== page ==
In football, as in politics, Serbia still doesn't get it

Despite all the wars, bloodshed, victims, and hate, the country still can't come to terms with modernity.

What is wrong with Serbia? Last night it seemed as if all the work of UEFA at Euro 2012 to make football free of racism was undone. Serbs fans chanted monkey sounds at the black English player, Danny Rose. As they left the pitch, after the England Under-21 team's 1-0 victory, Serb players and team officials attacked the English visitors.

The England captain Jordan Henderson said, "There was a lot of racist abuse out there from the stands and a lot going on after the game, which is hard to take for the players." Stones and coins were thrown at the England players in addition to the racist abuse.

The facts seem indisputable, but in Serbia facts are what you want them to be. The Serb team’s technical director, Savo Milosevic, came into England’s dressing rom and apologised for "any behaviour that was unsavoury," Stuart Pearce, the England manager, said after the game. Now, in an on-so-Serbian piece of chutzpah, the Serb FA are calling for an investigation into the England team and denying that any racist incidents took place.

It is up to UEFA to decide whether they are serious about their campaign against racism. They worked closely with Rafael Pankowski, who is not only Poland’s leading writer on the far-right but also founder of a Polish and Europe-wide NGO dedicated to removing the racism and anti-Semitism that has disfigured European contests well into the 21st century, despite the large number of black players in club and national teams. UEFA stadium billboards kept flashing up anti-racism messages in June in a sign that Europe acknowledged there was a problem. Now the Serbs have set this work back a decade. UEFA should take swift action. If Rangers in Scotland can be relegated two divisions for getting their financial affairs out of order, Serbian club and national teams should be suspended from all UEFA competitions for the rest of this season. Harsh and cruel, maybe, but unless UEFA is prepared to stand up against racism in football, the Serbs who abused the black English player will walk cocky and tall that they can turn a football stadium into a source of race hate.

But is it any accident that the incident, and the Serb FA’s refusal to condemn it, happened in the week that the most prominent living Serb, Radovan Karadžić, told the International Tribunal at the Hague that he had nothing to apologise for over the actions carried out in Sarajevo or Srebrenica? At Srebrenica, 8,000 plastic handcuffs were prepared to tie the hands of the European Muslims selected to be killed by Serbs to teach others a lesson. The precise number of bullets, and catering vehicles for the executioners were brought to the site, where Serb excavators had carefully dug trenches for the bodies to fall into after they had been shot.

In 1970, Willy Brandt famously knelt at the Warsaw Ghetto to make as public and symbolic an apology as he could for the German crimes against Poles and Jews. Helmut Kohl and François Mitterrand held hands at Verdun as they too said "never again". Today, as Karadzic struts his stuff in the Hague, the elected prime minister of Serbia, Ivica Dačić, a former aide of Slobodan Milošević, refuses to shake the hand of the prime minister of Kosovo, Hashim Thaçi. Belgrade refuses to recognise the existence of Kosovo as a legitimate nation state, even though nearly 100 nations and nearly all the world’s major democracies have established diplomatic relations with it. In another example of chutzpah, worthy of the Serb FA, Dačić said recently that Kosovo should be partitioned with a good chunk of its territory handed over to Serbia. There are regions of Serbia peopled by Albanians close to Kosovo, but the general rule in the Balkans is no more ethnic division.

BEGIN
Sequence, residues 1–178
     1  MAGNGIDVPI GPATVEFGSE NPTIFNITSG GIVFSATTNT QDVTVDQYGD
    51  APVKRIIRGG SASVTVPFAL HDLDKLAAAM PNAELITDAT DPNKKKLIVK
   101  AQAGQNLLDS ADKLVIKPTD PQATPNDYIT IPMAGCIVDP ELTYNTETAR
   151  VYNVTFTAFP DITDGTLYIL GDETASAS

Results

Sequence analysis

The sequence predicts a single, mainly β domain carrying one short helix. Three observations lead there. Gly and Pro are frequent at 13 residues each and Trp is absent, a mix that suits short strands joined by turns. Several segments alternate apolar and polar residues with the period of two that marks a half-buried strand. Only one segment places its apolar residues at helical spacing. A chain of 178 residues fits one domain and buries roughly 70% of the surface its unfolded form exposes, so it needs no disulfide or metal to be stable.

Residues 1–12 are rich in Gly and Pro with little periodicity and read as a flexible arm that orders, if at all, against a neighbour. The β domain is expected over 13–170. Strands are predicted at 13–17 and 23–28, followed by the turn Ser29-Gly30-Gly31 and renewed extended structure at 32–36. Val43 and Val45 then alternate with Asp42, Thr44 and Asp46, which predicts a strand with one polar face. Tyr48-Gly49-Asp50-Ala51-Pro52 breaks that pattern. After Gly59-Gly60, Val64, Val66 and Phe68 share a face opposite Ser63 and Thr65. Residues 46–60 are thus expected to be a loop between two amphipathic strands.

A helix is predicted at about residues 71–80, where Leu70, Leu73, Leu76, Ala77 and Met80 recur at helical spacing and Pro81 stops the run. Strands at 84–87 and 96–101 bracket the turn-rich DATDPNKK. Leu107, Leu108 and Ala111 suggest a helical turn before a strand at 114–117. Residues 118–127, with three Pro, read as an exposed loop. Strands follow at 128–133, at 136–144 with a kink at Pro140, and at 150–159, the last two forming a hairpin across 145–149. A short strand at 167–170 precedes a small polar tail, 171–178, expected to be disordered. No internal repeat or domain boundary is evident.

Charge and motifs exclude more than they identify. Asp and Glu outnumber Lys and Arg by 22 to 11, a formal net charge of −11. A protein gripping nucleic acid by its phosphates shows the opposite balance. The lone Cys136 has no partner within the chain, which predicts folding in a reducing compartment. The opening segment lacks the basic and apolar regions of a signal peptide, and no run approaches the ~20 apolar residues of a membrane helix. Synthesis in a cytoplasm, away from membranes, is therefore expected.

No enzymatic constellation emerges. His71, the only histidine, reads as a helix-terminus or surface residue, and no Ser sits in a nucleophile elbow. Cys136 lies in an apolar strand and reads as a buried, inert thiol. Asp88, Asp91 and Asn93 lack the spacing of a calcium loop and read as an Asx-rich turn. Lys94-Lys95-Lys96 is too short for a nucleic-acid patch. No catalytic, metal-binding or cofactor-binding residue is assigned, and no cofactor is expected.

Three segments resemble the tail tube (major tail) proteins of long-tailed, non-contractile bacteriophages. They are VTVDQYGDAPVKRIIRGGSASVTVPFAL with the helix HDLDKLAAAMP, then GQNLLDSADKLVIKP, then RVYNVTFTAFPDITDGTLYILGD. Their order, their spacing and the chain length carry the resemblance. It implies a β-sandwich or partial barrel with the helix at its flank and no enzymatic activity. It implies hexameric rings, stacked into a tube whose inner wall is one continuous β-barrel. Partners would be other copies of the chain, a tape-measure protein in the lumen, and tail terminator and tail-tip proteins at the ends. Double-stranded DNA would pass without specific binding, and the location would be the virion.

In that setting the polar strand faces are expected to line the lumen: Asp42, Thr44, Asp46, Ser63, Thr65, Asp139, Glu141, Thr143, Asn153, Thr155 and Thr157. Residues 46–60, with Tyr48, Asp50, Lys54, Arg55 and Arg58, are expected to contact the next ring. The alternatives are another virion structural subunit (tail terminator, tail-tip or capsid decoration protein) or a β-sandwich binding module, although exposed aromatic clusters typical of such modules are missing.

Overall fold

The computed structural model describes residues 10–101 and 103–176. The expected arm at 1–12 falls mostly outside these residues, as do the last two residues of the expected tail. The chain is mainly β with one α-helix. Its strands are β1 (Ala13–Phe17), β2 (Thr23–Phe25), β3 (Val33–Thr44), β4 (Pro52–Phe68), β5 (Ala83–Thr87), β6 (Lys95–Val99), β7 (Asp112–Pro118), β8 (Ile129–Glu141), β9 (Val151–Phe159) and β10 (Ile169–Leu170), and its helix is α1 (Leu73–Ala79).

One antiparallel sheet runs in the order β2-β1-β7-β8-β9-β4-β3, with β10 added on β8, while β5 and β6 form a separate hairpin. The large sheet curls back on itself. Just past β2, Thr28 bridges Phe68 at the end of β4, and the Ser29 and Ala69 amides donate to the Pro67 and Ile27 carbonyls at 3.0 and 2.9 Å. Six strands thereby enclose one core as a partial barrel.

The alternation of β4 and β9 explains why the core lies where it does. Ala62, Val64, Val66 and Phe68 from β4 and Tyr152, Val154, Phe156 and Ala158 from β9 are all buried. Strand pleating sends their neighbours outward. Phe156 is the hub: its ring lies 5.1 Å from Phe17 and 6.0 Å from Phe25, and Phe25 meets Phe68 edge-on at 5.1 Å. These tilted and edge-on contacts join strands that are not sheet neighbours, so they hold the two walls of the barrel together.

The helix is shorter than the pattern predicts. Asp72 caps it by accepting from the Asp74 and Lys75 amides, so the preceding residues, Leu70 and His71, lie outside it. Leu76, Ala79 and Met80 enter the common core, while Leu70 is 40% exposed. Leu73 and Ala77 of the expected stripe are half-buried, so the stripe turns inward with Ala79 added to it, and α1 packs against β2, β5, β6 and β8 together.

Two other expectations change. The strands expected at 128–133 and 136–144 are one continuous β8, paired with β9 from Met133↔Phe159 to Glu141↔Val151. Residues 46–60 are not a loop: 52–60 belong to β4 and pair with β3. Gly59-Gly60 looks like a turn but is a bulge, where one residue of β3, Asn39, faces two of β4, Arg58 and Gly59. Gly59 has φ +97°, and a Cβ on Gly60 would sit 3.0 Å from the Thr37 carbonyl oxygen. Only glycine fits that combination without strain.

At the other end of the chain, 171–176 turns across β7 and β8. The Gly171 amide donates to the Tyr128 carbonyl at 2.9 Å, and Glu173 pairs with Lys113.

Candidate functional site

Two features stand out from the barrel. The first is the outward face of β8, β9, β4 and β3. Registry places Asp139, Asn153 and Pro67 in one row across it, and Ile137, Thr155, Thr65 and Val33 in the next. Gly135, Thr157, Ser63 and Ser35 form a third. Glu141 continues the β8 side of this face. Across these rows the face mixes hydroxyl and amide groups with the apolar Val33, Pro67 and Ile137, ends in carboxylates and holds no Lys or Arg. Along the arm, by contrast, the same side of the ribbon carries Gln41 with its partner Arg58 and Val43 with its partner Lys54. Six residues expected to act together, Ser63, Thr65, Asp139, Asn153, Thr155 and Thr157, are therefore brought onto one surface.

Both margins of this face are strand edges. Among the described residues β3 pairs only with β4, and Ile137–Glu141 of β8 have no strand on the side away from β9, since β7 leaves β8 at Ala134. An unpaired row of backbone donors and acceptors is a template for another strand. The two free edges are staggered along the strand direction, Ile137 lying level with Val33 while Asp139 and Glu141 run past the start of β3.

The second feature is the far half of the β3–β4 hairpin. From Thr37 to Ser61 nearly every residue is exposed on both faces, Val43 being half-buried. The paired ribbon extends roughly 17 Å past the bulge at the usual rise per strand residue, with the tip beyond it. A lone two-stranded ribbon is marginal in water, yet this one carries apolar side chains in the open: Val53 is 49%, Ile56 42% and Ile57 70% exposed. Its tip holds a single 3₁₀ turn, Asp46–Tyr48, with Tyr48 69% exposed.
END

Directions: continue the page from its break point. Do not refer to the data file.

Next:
But just as the Serb FA leaders feel they can flout the UEFA rules against racism, so too do Serb political leaders treat the European-wide agreement against further Balkans partition with contempt. Stefan Fuele, the amiable, soft-spoken EU Commissioner for enlargement, rebuked Dačić, and EU officials are tearing their hair out at the failure of Belgrade to declare a truce with Kosovo, deal with the elected Pristina government, and help move both countries onto an EU membership road, as William Hague has urged.

It is 25 years since Serbia’s most famous Milošević launched the disintegration of Yugoslavia with an aggressive nationalist speech in the heart of Kosovo. Despite all the wars, bloodshed, victims, and hate, it seems it will take a little longer before Serbia’s ruling elites, whether in football or politics, come to terms with modernity.

Denis MacShane was minister for the Balkans from 2001-2005. He is author of Why Kosovo Still Matters (Haus 2011) @denismacshane and www.denismacshane.com

Andros Townsend (C) of England separates his team-mate Danny Rose (L) and Sasa Markovic of Serbia as they argue after the Under 21 European Championship match between the two sides. Photograph: Getty Images.
Denis MacShane is MP for Rotherham and was a minister at Foreign and Commonwealth Office
Photo: Getty
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The Prevent strategy needs a rethink, not a rebrand

A bad policy by any other name is still a bad policy.